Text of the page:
COMMENTARY | The last time New York Mets fans got this excited over a young pitcher -- the last time a young arm created a buzz at the Mets' home park like the one we saw and heard last night -- was back in the mid 1980s when Dwight Gooden dazzled fans and dominated opponents.
There was no one better, no one who brought more fans to Shea Stadium, than Doctor K.
That was almost 20 years ago. Nearly two decades later, Matt Harvey is the new sensation.
Friday night, in front of 26,675 energetic fans at Citi Field, Harvey continued his dominance, pitching seven innings and allowing just one run on four hits while striking out seven. The Mets beat the Washington Nationals, 7-1, and Harvey improved to 4-0 on the year.
Right now, there's no player in baseball off to a better start than Harvey. That includes the Nationals' young ace, Stephen Strasburg, who faced off against Harvey for the first time.
The Mets got to Strasburg in the first inning, scoring two unearned runs. In the sixth, Ike Davis and Lucas Duda hit solo home runs to give the Mets a 4-0 lead. They both homered again in the eighth.
Strasburg pitched six innings and allowed four runs on five hits. He dropped to 1-3 on the year. Last year, he was 2-0 against the Mets.
In the sixth, after Davis' bat finally came to life, and after Duda went yard as well, the fans began chanting, "Harvey's better!" Yes, it was meant as a dig toward Strasburg, but there's more to it than that.
Harvey has become what Gooden was in the 80s. His starts are must-see, preferably in person. Fans are beginning to flock to Citi Field to see him pitch. This is only going to get bigger -- the buzz only intensifying as the season moves along.
It was very fitting, then, that Gooden came out to the ballpark last night. Gooden said he was there to see a great pitching duel. He knows a thing or two about those.
Seated in the first row to the side of the Mets' dugout, images of Doctor K were shown throughout the night on SNY, the television home of the Mets, as Harvey did his best Doc Gooden impression. Fitting, too, because Harvey idolized Gooden growing up.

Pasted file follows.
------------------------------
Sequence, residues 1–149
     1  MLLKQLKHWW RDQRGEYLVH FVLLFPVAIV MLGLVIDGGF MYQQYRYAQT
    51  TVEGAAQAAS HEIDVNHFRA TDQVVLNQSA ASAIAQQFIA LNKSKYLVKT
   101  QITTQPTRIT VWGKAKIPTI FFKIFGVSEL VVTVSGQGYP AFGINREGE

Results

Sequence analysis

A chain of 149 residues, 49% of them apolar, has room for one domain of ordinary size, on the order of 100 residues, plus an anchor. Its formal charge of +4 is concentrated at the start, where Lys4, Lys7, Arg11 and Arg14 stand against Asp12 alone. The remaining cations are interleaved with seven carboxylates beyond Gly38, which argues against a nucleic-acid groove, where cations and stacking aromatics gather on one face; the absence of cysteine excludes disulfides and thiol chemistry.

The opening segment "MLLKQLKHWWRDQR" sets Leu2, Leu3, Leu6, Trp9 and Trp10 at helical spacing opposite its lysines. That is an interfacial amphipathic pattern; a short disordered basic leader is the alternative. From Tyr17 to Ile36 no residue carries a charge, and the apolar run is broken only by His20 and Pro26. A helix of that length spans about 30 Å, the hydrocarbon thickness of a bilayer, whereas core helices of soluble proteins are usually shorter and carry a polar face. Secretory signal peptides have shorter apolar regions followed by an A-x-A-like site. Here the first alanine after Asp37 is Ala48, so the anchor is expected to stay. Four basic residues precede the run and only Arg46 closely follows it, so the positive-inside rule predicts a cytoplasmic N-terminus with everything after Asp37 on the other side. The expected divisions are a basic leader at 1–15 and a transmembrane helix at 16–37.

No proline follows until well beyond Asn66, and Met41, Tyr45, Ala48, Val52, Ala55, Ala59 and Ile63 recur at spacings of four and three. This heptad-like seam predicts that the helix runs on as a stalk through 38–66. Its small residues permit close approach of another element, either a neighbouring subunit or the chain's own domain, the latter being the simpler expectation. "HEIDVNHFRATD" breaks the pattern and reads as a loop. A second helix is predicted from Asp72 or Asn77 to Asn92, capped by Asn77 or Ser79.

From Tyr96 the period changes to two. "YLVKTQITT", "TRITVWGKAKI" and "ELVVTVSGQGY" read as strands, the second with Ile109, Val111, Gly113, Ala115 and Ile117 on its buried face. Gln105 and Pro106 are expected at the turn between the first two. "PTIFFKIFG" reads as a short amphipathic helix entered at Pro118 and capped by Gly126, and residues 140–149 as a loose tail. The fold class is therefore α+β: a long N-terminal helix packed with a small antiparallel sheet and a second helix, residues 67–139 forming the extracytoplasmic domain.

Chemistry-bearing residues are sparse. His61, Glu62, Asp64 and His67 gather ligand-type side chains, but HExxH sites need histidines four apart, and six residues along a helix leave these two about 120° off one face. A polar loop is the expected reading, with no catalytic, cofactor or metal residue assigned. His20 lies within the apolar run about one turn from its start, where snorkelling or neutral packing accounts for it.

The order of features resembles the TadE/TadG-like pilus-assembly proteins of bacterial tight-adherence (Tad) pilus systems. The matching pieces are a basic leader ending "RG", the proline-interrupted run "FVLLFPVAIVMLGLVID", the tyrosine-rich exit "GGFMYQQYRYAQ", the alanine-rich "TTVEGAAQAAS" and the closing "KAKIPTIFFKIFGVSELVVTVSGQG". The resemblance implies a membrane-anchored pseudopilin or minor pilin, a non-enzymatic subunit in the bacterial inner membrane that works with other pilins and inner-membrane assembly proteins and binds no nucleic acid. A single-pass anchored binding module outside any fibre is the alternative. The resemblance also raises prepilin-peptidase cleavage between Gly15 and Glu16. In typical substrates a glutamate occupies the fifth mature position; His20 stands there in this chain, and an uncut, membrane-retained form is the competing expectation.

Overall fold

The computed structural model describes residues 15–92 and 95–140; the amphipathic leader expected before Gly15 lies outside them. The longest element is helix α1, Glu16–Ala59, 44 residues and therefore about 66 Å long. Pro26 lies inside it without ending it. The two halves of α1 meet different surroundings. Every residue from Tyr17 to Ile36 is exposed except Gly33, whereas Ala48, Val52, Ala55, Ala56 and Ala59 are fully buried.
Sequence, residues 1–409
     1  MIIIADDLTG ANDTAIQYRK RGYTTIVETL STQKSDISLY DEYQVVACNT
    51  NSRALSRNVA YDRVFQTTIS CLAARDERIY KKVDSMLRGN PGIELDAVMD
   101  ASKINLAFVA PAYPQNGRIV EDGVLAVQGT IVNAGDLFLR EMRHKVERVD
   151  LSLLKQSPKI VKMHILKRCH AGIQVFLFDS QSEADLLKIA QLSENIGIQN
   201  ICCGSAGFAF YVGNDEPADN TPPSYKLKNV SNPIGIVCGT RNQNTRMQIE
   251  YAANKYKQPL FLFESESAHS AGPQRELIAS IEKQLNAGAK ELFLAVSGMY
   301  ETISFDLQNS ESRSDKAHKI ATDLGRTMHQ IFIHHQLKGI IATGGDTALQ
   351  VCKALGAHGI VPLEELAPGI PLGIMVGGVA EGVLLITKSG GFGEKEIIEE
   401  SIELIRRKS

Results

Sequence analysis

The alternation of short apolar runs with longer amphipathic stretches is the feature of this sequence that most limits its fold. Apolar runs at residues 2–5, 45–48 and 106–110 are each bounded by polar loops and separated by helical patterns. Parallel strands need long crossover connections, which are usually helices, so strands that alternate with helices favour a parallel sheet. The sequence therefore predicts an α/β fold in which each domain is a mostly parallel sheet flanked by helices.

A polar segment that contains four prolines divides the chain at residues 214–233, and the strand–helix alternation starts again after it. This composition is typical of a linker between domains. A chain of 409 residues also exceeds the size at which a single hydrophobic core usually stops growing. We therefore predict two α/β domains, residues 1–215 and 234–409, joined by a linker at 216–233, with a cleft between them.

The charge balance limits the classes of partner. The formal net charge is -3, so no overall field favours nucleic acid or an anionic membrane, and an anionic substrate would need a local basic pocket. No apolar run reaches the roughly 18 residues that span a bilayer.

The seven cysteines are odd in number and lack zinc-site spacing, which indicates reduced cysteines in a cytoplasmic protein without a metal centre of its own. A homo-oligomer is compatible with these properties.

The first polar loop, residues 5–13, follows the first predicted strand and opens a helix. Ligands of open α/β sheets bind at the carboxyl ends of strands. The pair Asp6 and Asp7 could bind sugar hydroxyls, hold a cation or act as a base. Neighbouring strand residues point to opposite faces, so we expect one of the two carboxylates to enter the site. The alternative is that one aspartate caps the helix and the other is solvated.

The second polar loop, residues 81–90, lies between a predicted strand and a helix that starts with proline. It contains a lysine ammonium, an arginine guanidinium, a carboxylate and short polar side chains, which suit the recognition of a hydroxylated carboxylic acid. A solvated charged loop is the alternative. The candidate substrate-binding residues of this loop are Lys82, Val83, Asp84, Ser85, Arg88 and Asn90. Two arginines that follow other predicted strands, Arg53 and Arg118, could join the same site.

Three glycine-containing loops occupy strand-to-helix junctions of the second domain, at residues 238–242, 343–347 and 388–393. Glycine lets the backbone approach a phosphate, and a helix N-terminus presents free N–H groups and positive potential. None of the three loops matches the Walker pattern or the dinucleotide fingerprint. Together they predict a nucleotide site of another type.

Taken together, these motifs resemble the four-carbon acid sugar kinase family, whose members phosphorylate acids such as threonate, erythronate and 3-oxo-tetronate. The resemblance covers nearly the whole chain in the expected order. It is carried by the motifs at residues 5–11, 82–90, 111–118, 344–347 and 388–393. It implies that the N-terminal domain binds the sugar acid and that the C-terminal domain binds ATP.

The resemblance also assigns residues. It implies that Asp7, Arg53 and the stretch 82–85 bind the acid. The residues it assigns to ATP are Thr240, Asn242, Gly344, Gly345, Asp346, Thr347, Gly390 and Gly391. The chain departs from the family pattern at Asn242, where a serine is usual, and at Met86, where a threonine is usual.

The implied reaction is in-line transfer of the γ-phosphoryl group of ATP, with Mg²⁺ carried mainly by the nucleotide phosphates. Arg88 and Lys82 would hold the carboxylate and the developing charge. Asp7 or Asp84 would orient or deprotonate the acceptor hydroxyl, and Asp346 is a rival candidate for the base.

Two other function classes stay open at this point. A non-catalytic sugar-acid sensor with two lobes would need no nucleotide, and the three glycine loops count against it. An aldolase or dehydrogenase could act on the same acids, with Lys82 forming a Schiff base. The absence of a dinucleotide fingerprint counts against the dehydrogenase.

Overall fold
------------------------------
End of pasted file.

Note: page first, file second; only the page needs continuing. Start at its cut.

"It's great that he was here," Harvey said about Gooden according to the New York Post. "I grew up watching the guy. That's something special. When I was younger, I grew up wanting to be that guy, wanting to be like guys of his caliber. For him to say stuff about me, to come to one of my starts, it's mind-boggling. I wanted to do everything I could to win.
And that he did.
Harvey was tested in the seventh inning. After allowing a run, an error by Daniel Murphy loaded the bases with nobody out. Harvey retired the next three batters to get out of the inning. After the third out, the crowd erupted. So did Harvey, who has now allowed only 10 hits over 29 innings this season.
"That was the loudest I've ever heard this place," Harvey said according to the New York Daily News. "It was awesome."
Kind of like how it was when Gooden was dominating the league back when the Mets were New York City's team.
"Awesome watching those two great pitchers go head to head tonight," Gooden tweeted afterward. "Look forward to watching a lot more of those for years to come."
Sounds like the 80s all over again.
Charles Costello has followed the Mets closely since the rookie years of Darryl Strawberry (1983) and Dwight Gooden (1984). He was a beat reporter assigned to cover the Mets during the 1997 and 1998 seasons.
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